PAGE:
• The Work Breakdown Structure of tasks from the methodology (currently on Microsoft Project)
  • A Responsibility Matrix including all the possible responsible areas within Visa (on Excel)
  • A Change Control Log (on Microsoft Word)
  • An Issues Log (also on Microsoft Word)

The current toolkit takes the form of a diskette and a binder that contains the directions for activating and using the files in the toolkit. The diskettes are available in both IBM and Macintosh formats. This packet is given to appropriate project leaders and directors and participants in the PMM seminar and Visa's Microsoft Project classes.

The game plan was to start small and provide the “bare bones” tools needed in managing projects. The next step is to make the tools available on the LAN. Beyond that, the toolkit can be expanded to include the form templates that support the methodology, some models for small projects, and models for maintenance efforts. A presentation template is also being considered, using software such as Persuasion, to aid project teams in preparing Milestone Reviews for management at the end of every phase of the life cycle.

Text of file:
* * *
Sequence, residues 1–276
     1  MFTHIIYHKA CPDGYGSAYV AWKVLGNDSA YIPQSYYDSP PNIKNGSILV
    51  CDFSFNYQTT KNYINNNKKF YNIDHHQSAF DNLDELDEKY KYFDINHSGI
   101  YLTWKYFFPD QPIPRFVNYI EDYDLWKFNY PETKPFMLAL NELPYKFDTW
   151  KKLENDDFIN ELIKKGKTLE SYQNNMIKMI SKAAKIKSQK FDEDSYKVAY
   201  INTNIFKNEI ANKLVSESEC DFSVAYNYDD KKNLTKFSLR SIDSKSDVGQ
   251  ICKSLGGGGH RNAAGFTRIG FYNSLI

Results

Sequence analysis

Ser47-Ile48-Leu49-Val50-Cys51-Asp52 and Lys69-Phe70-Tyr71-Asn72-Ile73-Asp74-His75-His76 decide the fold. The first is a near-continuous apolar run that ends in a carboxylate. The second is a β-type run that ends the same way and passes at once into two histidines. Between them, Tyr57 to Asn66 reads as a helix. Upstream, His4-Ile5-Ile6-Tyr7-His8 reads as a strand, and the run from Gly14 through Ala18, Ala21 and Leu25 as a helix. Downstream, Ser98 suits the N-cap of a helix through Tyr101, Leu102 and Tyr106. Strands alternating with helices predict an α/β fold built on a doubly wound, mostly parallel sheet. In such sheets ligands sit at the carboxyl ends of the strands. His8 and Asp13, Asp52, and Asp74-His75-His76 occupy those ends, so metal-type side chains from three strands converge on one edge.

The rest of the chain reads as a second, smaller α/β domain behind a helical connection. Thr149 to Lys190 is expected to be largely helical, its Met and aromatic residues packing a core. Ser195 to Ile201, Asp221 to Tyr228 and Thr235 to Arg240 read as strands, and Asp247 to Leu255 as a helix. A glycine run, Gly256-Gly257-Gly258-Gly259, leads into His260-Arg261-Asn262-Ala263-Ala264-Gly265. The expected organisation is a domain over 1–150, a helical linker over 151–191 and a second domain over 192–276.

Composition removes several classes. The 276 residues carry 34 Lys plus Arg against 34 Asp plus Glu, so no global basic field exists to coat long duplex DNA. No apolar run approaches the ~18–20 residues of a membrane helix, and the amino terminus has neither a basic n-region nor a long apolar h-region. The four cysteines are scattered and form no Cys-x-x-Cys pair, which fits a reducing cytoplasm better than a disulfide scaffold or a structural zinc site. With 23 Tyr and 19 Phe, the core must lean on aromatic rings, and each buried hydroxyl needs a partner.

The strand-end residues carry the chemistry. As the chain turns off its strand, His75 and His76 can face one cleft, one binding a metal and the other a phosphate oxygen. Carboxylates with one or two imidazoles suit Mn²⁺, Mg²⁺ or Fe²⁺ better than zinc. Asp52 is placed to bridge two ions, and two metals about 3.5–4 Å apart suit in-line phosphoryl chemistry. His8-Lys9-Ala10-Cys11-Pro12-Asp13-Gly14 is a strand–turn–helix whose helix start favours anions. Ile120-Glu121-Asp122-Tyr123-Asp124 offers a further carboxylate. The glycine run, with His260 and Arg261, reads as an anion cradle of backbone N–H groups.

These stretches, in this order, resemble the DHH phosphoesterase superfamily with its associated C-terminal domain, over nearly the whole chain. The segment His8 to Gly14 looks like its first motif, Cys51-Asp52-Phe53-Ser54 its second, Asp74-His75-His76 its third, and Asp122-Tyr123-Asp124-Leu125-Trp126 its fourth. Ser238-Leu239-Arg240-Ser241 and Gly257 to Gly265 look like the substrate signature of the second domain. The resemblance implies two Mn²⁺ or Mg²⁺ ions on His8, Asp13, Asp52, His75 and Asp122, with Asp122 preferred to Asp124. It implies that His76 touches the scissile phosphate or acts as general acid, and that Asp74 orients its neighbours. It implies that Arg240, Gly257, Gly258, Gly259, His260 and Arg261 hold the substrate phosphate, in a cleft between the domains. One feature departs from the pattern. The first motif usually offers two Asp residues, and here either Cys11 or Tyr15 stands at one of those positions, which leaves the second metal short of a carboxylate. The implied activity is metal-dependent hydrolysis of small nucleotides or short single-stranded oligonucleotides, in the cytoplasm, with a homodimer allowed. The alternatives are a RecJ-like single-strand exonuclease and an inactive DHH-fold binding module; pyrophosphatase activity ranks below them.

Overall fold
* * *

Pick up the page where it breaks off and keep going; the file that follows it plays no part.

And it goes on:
Jim was asked what lessons he is learning on this endeavor. He suggests that one should not design the templates for any technical area of the business; but design them for the broadest range of people. Don't get carried away at the beginning— start small and keep it simple. The challenge is not to put too much out there at one time.

Don't get carried away at the beginning—start small and keep it simple. The challenge is not to put too much out there at one time.

California State Automobile Association (CSAA), Inter-Insurance Bureau

CSAA is another firm that is doing innovative work in automated support for the PM discipline. Martin Faulkner, manager of the Project Management department in the Information Services division, is the creator of this sophisticated yet elegant automated PM support system. He has two overriding objectives for this system: (1) create an infrastructure of commonality for the many folks doing project management; and (2) allow the project manager and team members to concentrate on content rather than format. As you review the impressive list of achievements below, keep in mind those two objectives: